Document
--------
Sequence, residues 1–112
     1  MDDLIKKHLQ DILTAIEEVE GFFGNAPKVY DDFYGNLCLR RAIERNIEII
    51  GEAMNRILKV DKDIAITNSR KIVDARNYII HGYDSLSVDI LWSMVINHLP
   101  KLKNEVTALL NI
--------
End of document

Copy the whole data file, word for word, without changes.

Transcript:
Sequence, residues 1–112
     1  MDDLIKKHLQ DILTAIEEVE GFFGNAPKVY DDFYGNLCLR RAIERNIEII
    51  GEAMNRILKV DKDIAITNSR KIVDARNYII HGYDSLSVDI LWSMVINHLP
   101  KLKNEVTALL NI